A weekly round-up of pay and benefits news.
Treasury Secretary Steve Mnuchin informed Congress this week that his department would cease its investment in two federal retirement programs as part of its extraordinary measures intended to delay running into the debt ceiling.
On Saturday, the federal government hit its borrowing limit, and last week Mnuchin informed Congress that he would be suspending the department’s issuance of State and Local Government Series securities. Mnuchin followed up Monday, sending Congress a letter informing lawmakers that he would suspend investments in the Civil Service Retirement and Disability Fund, as well as the Postal Service Retiree Health Benefits Fund.
And on Tuesday, the Treasury secretary informed House Speaker Nancy Pelosi that he would suspend investment in the Thrift Savings Plan’s G Fund, which is made up of government securities, to avoid breaching the debt ceiling. With these actions, and an influx in revenues when federal income taxes are due in April, officials believe the Treasury Department can continue to fund government operations “for several months” before Congress will need to act to raise the debt limit again. Lawmakers hope to do so when they pass appropriations bills to set spending for the 2020 fiscal year this fall.
Federal employees should not worry too much about their retirement savings, though. Mnuchin told Congress that once the debt limit is raised, his department will make these investment funds whole once again.
Elsewhere on Capitol Hill, some lawmakers plan to introduce legislation to make the federal government’s defined benefit retirement programs more generous.
Rep. John Garamendi, D-Calif., sent a “Dear Colleague” letter to lawmakers asking them to cosponsor the CPI-E Act, a bill that would base Civil Service Retirement System and Federal Employees Retirement System cost of living adjustments on the Consumer Price Index for the Elderly, rather than the currently used CPI for Urban Wage Earners and Clerical Workers.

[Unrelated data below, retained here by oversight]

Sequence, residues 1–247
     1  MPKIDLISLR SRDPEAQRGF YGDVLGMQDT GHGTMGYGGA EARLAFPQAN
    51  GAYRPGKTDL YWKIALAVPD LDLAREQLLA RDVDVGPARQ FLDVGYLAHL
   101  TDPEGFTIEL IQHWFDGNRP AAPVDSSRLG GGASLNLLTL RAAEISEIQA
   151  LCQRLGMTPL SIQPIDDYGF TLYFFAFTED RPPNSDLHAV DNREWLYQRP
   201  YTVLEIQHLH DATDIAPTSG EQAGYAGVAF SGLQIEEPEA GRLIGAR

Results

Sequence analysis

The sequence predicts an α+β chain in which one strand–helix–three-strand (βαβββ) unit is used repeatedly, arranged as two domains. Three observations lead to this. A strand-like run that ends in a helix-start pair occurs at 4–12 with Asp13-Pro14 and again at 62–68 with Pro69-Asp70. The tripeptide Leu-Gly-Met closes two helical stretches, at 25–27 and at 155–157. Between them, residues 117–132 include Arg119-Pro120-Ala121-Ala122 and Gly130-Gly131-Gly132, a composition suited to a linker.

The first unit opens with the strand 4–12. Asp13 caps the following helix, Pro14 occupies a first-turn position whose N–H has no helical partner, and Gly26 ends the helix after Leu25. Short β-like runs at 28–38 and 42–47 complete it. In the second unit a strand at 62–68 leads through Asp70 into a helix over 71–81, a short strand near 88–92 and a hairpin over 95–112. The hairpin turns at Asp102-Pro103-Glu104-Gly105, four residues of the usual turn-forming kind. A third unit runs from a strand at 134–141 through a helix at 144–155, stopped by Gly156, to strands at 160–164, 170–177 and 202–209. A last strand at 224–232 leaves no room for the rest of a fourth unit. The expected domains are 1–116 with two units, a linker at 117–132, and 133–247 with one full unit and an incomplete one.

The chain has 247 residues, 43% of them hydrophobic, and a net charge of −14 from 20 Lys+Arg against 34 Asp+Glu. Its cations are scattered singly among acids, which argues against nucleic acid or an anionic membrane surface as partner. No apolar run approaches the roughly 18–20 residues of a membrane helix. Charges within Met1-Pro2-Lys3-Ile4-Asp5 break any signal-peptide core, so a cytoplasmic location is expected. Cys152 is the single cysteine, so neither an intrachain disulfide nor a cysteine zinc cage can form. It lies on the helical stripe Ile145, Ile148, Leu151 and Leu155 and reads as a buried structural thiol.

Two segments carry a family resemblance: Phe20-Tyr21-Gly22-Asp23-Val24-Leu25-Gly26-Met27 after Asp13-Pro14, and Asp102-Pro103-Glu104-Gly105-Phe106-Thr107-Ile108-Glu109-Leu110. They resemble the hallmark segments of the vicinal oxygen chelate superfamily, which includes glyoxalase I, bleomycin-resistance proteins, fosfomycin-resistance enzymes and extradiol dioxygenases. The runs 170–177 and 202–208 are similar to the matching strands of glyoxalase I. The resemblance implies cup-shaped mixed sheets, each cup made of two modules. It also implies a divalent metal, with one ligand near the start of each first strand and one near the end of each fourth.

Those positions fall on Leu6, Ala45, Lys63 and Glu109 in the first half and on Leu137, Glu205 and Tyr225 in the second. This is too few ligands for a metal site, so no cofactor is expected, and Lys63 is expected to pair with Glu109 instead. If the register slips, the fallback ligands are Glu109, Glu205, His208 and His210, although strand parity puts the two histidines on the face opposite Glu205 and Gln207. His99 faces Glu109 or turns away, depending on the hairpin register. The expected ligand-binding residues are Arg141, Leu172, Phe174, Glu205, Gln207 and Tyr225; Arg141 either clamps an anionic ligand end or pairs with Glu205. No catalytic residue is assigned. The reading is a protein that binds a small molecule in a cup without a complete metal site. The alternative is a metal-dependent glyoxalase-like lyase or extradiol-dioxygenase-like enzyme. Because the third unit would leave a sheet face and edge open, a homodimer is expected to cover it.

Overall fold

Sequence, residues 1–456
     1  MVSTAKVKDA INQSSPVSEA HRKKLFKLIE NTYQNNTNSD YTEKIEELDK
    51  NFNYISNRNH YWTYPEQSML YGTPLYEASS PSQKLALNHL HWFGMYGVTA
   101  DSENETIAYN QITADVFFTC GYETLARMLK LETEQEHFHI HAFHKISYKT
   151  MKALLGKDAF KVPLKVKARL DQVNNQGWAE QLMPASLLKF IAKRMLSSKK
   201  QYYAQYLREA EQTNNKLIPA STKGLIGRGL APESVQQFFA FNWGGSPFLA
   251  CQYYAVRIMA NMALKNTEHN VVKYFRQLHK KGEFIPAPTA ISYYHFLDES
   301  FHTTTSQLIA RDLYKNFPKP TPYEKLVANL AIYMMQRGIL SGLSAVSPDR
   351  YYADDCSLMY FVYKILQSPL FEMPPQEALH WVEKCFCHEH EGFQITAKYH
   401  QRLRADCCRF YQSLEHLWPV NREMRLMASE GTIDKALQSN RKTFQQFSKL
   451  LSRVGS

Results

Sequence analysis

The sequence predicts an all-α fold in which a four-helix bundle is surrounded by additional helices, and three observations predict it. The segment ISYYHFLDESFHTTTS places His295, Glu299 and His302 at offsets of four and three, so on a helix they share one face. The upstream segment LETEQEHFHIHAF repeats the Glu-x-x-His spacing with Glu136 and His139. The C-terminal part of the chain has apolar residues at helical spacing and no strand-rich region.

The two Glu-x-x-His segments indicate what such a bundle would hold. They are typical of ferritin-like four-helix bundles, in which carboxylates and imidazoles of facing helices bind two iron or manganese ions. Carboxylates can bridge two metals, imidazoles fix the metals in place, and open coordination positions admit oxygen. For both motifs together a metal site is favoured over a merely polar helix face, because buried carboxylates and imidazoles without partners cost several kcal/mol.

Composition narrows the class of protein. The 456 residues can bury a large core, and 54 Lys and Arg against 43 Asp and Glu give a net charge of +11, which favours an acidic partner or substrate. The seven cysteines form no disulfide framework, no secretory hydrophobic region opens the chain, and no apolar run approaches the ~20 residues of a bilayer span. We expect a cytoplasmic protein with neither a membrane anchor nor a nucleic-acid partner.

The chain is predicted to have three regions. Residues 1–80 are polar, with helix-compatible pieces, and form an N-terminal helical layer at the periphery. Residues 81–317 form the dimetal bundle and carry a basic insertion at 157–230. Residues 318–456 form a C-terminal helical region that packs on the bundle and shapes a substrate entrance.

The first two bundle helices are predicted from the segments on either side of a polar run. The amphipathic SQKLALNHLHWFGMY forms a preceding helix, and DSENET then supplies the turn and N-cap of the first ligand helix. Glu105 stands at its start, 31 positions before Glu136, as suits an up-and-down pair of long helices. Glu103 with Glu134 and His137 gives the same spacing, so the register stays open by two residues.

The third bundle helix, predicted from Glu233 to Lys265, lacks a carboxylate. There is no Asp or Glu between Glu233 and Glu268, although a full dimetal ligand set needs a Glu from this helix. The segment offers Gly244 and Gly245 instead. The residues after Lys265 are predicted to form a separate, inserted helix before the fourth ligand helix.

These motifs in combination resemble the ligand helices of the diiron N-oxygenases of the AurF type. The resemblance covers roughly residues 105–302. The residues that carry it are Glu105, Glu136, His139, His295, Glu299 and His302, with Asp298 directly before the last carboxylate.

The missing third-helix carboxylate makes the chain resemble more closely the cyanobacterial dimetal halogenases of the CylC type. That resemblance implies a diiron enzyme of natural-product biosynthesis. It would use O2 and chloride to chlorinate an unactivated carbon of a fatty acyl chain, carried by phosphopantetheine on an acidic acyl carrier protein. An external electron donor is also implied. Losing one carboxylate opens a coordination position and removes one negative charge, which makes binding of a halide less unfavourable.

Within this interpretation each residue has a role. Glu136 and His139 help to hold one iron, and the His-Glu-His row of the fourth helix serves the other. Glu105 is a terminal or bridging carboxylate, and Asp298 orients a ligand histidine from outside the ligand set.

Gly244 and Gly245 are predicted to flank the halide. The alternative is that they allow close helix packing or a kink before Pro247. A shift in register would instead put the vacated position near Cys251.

“The CPI-E is the most accurate and balanced measure of the real costs that seniors face in retirement,” Garamendi wrote. “Current measures do not adequately take into account the rising expenditures of retirement, such as housing and health care costs. This inadequate accounting amounts to an effective decrease in benefits for those who rely on these federal programs.”
When introduced, the bill will have dozens of cosponsors, including members of both parties. Garamendi introduced similar legislation in 2017, although it never emerged from committee.
The Office of Personnel Management reported Tuesday that the volume of federal employees retiring in January and February, when the agency experiences an annual surge, was down compared to 2018.
In January, 13,264 employees filed for retirement, and last month 10,792 employees applied. That’s down from last year, when 14,590 employees requested their retirement benefits in January, followed by 13,290 in February.
The 35-day partial government shutdown could account for some of the drop in retirement requests, as unfunded agencies furloughed HR employees, making it impossible for some to retire if they had not announced their intent before the lapse in appropriations began last December.
Over the two-month period, OPM processed 18,705 retirement claims, in line with the same period in 2018. Although the retirement backlog spiked from 18,019 claims in December 2018 to 23,121 in January, OPM was able to maintain that figure last month, as it only increased slightly to 23,370.